> now in Switzerland. He has tried five times so far to travel to
> Switzerland and reunite with her only to be turned back at the airport.
> He has made some friends in Greece and says he likes Athens very much,
> but understands why it is not possible to stay here. "Greece cannot help
> us. We know this, but this is why we need to be allowed to move on from
> here," he says.
> Moyad, from Homs, has been in Greece for six months and has also tried
> numerous times to leave. "They don't want us here, but at the same time
> they are blocking us from going somewhere else," he says.
> Some of the refugees have more urgent situations. Khaleel, a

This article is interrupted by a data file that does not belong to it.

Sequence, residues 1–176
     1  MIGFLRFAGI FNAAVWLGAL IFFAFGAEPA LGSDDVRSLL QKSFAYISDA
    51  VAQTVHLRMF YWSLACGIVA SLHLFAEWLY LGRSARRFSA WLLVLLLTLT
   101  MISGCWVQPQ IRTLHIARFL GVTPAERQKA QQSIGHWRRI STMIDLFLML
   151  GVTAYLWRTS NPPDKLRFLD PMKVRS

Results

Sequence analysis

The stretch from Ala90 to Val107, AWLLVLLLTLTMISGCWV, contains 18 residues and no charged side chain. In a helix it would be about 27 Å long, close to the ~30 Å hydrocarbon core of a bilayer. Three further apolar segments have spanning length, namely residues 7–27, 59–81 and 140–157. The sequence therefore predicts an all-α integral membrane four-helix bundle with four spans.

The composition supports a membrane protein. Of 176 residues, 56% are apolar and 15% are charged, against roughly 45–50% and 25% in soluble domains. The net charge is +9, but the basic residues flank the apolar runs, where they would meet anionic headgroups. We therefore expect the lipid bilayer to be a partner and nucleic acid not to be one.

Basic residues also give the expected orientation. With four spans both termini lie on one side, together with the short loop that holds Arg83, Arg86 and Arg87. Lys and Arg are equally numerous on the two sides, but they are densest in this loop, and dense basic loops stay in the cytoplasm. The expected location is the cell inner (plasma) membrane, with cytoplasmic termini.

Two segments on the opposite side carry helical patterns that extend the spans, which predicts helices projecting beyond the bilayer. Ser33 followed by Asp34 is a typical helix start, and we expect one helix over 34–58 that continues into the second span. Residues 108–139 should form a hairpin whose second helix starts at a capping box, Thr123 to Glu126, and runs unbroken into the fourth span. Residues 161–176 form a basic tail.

> 17-year-old who recently lost his hair, wants to seek medical care for
> cancer after being told by a doctor back home that he has symptoms but
> was unable to get tested there. He will attempt for the tenth time in
> three months to leave Greece this week to see a doctor in Paris.
> Despite repeated threats of eviction, the Greek police have refrained
> from forcing the Syrian refugees to leave Syntagma Square. Over the last
> week, many individual Greeks and some community groups have left
> clothes, blankets, and food donations. They say that until they are able
> to escape the bureaucratic trap they are in, they plan to continue
> sitting on cardboard boxes and resting in sleeping bags on the marble
> floor of Syntagma Square, because it's all many of them have left.